Savigny Luxury Index

Market Pulse / US-Led Uncertainty for Luxury

Positive news and prospects for the sector have been overshadowed by softness in the US market, a global cyber-attack and further probes into Trump’s ties with Russia

The markets have been relatively oblivious to the latest string of positive results in the sector, our Savigny Luxury Index losing 0.7% in May against a loss of 1.5% for the MSCI.  In addition to cybersecurity concerns coming to the fore, with a global cyber-attack taking the world by surprise, the US continues to crystallise uncertainty with persisting softness in traditional retail channels as well as lingering issues over Trump’s ties with Russia.

Big news

Bain doubled its growth estimates for the luxury goods market in 2017 from 1-2 percent to 3-4 percent, citing recovery in consumption in both Europe and China offsetting weakness in the USA and South-East Asia.  Bain forecasts Europe and China to grow in high single digits this year.  The latest string of results echoed this: Moncler’s first quarter sales grew by 16 percent, driven by strength in Europe, whilst Burberry and Tod’s suffered from weak demand in the USA.  Our US luxury universe, namely Michael Kors, Tiffany, Ralph Lauren and Coach, unilaterally posted sales declines.  Estée Lauder was the only exception, with sales growth underscored by acquisitions.

Corporate activity this month was dominated by the Coach deal to acquire Kate Spade for $2.4 billion.  Other deals included the acquisition of luxury yacht maker Privilege Marine by German private equity firm Aurelius; Italian men’s tailor brand Boglioli by Spanish private equity firm PH Asset Management; Douglas strengthened its foothold in Italy through the purchase of two perfume chains (Limoni and La Gardenia); US private investors Rob Gough acquired streetwear brand DOPE and Charles Cohen acquired shoe brand Harrys of London, whilst US private equity firm KPS Capital acquired Taylor Made Golf Company.

Going up

  • Coach climbed over 17 percent this month on the back of its acquisition of Kate Spade and, most importantly, of a reduction of discounting activity which effectively boosted its quarterly profits. Investors are starting to see signs that the leather goods company’s turnaround strategy is working, in spite of continued sales softness.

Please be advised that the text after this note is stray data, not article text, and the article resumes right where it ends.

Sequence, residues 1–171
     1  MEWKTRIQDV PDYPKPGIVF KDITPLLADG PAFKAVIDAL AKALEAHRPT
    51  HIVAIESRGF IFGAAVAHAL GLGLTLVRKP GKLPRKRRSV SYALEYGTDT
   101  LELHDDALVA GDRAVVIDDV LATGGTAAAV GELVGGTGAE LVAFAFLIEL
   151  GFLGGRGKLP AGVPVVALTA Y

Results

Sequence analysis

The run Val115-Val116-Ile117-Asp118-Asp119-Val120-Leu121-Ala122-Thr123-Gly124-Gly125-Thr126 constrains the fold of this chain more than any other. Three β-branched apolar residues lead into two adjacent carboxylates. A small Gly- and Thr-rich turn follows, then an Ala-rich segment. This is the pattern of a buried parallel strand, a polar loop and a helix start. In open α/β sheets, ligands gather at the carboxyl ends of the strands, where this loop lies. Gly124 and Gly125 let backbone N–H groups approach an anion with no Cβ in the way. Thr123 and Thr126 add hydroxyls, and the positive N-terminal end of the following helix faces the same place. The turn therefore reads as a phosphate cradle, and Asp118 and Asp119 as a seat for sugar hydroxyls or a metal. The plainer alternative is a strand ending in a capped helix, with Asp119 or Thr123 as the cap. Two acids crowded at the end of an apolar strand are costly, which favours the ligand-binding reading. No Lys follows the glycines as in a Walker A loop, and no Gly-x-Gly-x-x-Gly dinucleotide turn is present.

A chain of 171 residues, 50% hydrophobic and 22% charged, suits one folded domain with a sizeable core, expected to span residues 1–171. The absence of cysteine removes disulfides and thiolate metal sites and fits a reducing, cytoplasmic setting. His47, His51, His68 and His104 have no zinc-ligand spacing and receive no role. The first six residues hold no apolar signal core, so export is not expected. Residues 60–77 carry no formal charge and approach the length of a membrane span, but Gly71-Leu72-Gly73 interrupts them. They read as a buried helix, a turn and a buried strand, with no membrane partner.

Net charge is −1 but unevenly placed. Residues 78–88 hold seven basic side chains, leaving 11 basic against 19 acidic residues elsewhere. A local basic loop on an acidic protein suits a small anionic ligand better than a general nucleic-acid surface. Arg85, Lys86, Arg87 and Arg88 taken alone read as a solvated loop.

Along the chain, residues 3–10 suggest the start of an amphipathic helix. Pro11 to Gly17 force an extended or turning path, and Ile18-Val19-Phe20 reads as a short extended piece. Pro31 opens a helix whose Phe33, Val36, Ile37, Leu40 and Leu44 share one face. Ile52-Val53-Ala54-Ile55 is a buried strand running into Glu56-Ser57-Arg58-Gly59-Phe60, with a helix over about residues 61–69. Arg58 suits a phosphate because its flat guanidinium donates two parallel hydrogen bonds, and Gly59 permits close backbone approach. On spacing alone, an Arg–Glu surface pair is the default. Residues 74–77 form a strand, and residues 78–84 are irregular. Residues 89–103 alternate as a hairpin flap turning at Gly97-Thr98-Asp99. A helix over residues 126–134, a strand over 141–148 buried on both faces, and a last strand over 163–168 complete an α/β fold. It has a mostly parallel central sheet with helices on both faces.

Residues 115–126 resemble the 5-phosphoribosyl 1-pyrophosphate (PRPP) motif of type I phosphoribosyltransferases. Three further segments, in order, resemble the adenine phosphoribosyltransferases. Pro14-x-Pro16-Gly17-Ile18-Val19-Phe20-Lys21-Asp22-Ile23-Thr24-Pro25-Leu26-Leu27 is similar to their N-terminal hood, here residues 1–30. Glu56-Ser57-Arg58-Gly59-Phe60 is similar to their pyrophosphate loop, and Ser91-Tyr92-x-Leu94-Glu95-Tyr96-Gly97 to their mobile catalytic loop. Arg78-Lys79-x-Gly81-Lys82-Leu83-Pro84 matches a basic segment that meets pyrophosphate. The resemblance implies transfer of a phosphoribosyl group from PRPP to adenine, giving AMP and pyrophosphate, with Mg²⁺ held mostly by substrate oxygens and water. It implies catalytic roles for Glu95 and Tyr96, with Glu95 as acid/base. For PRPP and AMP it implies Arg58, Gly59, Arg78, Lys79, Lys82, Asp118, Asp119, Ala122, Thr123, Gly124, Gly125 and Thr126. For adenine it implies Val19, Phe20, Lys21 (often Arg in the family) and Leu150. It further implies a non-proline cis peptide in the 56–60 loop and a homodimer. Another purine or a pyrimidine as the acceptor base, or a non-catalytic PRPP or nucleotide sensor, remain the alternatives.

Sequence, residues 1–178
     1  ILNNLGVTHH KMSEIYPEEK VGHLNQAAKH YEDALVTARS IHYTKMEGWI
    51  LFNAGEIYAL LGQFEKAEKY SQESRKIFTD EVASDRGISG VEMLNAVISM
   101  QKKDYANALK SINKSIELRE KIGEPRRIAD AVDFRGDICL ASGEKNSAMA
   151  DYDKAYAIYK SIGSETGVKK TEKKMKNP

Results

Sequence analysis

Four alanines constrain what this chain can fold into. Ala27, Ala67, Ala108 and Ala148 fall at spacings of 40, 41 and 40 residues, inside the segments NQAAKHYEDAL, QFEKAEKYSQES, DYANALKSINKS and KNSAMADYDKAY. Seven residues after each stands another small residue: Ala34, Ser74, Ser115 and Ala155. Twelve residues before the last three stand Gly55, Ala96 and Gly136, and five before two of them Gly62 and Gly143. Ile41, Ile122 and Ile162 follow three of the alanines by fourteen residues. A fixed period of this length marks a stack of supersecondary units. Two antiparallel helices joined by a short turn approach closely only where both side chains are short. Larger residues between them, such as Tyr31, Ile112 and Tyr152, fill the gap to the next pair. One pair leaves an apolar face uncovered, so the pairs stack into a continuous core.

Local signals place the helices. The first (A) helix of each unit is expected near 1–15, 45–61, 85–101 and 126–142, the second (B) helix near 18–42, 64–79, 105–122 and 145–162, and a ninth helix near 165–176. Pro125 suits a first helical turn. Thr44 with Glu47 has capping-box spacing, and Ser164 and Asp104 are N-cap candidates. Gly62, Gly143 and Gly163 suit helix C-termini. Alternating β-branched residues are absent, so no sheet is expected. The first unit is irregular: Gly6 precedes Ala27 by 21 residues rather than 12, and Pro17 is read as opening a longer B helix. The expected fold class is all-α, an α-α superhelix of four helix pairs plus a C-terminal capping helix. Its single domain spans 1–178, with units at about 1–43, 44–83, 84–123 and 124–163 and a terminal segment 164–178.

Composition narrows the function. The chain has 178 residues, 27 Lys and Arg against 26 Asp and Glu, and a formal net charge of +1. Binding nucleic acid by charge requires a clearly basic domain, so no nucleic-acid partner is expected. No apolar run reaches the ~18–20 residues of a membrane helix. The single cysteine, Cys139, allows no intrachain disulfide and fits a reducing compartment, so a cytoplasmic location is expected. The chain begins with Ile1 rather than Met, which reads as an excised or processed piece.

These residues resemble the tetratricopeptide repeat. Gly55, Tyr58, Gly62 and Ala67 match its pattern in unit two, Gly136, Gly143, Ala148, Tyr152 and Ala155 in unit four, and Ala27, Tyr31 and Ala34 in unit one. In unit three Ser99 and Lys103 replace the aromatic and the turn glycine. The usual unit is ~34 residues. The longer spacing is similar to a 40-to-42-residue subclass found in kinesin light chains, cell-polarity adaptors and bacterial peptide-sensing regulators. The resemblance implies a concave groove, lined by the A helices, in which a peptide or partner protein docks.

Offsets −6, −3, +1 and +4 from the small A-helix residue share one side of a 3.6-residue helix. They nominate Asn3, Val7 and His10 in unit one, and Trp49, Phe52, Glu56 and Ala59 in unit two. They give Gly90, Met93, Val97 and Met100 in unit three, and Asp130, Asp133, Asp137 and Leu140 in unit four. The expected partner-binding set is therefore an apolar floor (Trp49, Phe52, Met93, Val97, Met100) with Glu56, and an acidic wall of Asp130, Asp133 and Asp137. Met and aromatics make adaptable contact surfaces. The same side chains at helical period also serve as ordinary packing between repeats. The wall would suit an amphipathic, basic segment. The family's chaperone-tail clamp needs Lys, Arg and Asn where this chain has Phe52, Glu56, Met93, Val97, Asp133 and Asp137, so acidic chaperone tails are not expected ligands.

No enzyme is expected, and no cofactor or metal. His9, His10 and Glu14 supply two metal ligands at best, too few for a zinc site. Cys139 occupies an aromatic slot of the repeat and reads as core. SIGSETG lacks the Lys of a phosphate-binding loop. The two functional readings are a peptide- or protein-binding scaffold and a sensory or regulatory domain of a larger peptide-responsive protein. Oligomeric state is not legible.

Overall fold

• Burberry’s share price gained 12 percent on the month as investors rallied behind the new management team and benefitted from a currency windfall which enabled the company to increase its yearly dividend by 5 percent.

Going down

  • Ralph Lauren took another dive this month, losing 16 percent of its value, as the company reported a ninth consecutive quarterly contraction in sales. The company appointed a new CEO, Patrice Louvet, formerly at P&G; his predecessor had lasted just over a year.
  • Ferragamo’s share price dropped by over 15 percent in May as the company cautioned the market over its short-term outlook: 2017 will be a year of transition for the company.
  • Tod’s share price tumbled after its disappointing first quarter results and confirmation by the company that 2017 will be a difficult year with flattish sales growth. The stock ended the month 14 percent down.

What to watch

Richemont has taken significant steps to downsize production in light of the recent contraction of the watch industry.  In other sectors, companies such as Michael Kors, Ralph Lauren and Coach have or are still suffering from over-exposure.  Coach has taken significant steps to reduce its presence in US department stores and has clamped down on discounting: sales of the group have gone down but profits have gone up.  Michael Kors has announced the closure of over 100 stores in its portfolio.  Perhaps it’s time for smarter growth and to think of profitability as a long-term concept, not a quarterly pursuit.  If any sector can, luxury can! 

Sector valuation